Let's put on a show 

Why Disney's High School Musical is most likely to succeed

Originating as a TV movie made for the Disney Channel, High School Musical celebrated breaking out of your niche. It seems somehow appropriate that the wholesome, unthreatening film has gone on to succeed in all possible venues as a multimedia pop phenomenon.

On Jan. 20 of 2006, High School Musical set a ratings record with its Disney Channel debut. The soundtrack went triple-platinum at a time when music fans increasingly downloaded new fare. The various DVD best sellers include karaoke and pop-up editions, and the franchise includes a daily High School Musical pep rally at Disney's California Adventure theme park. There's even a concert tour, with the original cast singing the hit songs, although it'll bypass the ATL.

In its typical overachieving fashion, High School Musical can't make its theatrical debut in a small way. Officially titled Disney's High School Musical, the stage adaptation makes its national debut beginning Friday, Jan. 12, at the Fox Theatre and is already one of the best-selling shows in the history of Atlanta's Theater of the Stars. Meanwhile, Woodstock's Towne Lake Arts Center is producing an amateur version of the show almost simultaneously with the Fox production.

The squeaky-clean story centers around puppy love between basketball star Troy (John Jeffrey Martin) and "brainiac" new girl, Gabriella (Arielle Jacobs), who consider trying out for East High's new musical despite pressure to remain in their respective cliques and, in the words of the most exuberant number, "Stick to the Status Quo." The official stage show is huge, featuring 28 professional actors, 12 local teen extras, 12 musicians in the orchestra pit and, at one point, about 60 people onstage. Towne Lake Art Center's smaller-scale show has a cast of 28, 17 of whom are actual high school students.

Nick Manos, managing director of Theater of the Stars, explains that after High School Musical became a cable hit last January, Disney decided to adapt the work for the stage in March and approved the final workshop production in July.

"We fought very hard to get the rights," Manos says. Disney gave Theater of the Stars the official go-ahead on Sept. 1. "That gave us 15 weeks to prepare the show, hire the creative team, start the advertising campaign -- essentially, to do a year's worth of work in four months."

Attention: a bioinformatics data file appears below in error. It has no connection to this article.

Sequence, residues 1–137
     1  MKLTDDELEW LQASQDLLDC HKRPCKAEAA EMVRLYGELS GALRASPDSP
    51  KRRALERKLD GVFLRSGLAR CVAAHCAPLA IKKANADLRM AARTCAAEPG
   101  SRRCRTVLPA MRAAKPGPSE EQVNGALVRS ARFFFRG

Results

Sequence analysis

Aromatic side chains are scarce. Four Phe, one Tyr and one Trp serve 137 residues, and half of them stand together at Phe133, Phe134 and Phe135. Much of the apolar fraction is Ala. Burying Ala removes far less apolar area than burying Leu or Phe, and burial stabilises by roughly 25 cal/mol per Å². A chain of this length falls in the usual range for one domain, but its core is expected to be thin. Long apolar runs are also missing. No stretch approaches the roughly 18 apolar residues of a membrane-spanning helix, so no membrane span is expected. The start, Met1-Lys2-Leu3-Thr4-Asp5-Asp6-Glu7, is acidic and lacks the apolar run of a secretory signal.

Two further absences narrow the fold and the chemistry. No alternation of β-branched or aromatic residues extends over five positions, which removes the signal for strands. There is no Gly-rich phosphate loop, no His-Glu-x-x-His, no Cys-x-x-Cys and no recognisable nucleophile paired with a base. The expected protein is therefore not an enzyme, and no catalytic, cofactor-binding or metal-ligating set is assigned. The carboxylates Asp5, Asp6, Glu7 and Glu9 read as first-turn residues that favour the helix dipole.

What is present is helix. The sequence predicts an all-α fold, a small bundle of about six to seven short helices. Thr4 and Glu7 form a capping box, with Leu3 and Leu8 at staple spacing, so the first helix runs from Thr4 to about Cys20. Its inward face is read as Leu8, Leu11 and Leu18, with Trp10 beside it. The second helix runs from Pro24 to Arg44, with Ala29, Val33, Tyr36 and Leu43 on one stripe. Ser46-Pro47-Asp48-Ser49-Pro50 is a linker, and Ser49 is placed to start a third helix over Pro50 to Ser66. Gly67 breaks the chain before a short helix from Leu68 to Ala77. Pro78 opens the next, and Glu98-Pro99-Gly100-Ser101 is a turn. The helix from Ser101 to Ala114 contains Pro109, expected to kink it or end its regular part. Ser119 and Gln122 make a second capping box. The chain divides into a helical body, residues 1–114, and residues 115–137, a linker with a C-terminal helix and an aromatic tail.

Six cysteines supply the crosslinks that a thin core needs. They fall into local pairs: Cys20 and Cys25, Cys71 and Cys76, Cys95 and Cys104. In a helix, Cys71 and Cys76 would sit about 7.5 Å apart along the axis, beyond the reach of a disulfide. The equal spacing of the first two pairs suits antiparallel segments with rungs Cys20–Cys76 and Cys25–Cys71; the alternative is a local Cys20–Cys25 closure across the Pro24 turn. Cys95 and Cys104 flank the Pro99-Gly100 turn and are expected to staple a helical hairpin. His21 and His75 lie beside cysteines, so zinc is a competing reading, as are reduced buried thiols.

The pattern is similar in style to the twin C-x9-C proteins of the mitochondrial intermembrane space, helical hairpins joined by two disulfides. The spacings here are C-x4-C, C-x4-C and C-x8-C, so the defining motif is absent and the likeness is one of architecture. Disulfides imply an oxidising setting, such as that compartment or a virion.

Directed by Broadway veteran Jeff Calhoun, the stage adaptation features more songs, expanded roles for some of the characters and longer production numbers. Manos estimates the show features twice as much musical performance as the movie, as the adaptation translates cinematic style for stage conventions.

"You can't have a full basketball game onstage," Manos says. "You can't have a number like 'When There Was Me & You,' which Gabriella sings during a three-minute walk through the hall."

If anything can be called the opposite of "edgy," High School Musical is it, although Manos suggests its wholesome quality is exactly what appeals to his 13-year-old daughter and the rest of its fan base: "She's looking for something safe to enjoy, a cool show that doesn't stretch boundaries. Kids get mixed messages today, and this has a clear message. There's no hint of sex, no hint of violence. Someone I know said, 'It's high school the way you wish it was.'"

Gay Grooms, director of Towne Lake Art Center's production, says she's been waking up with the show's songs in her head every morning and believes that the show's popularity lies in its simplicity: "The music is catchy and fun, the characters are familiar and current, and the storyline about finding your talents and pursuing your dreams is something that everyone can relate to."

Manos also points out that, despite its pop-music score and inclusion of cell phones and webcams in its storyline, "High School Musical is as traditional as they come. It's Seven Brides for Seven Brothers meets West Side Story meets Grease." With luck, Disney's High School Musical will expose techno-savvy, Shakespeare-phobic youngsters to live theater.

"I think there's no question that the show will attract people who've never been to the Fox," Manos says. "Teens and tweens may be 40 to 50 percent of its audience, but the traditional theater audience will be happy to see it, too."

Maybe playhouses and drama teachers across the country can use peer pressure to their benefit. Live theater -- all the cool people are doing it.

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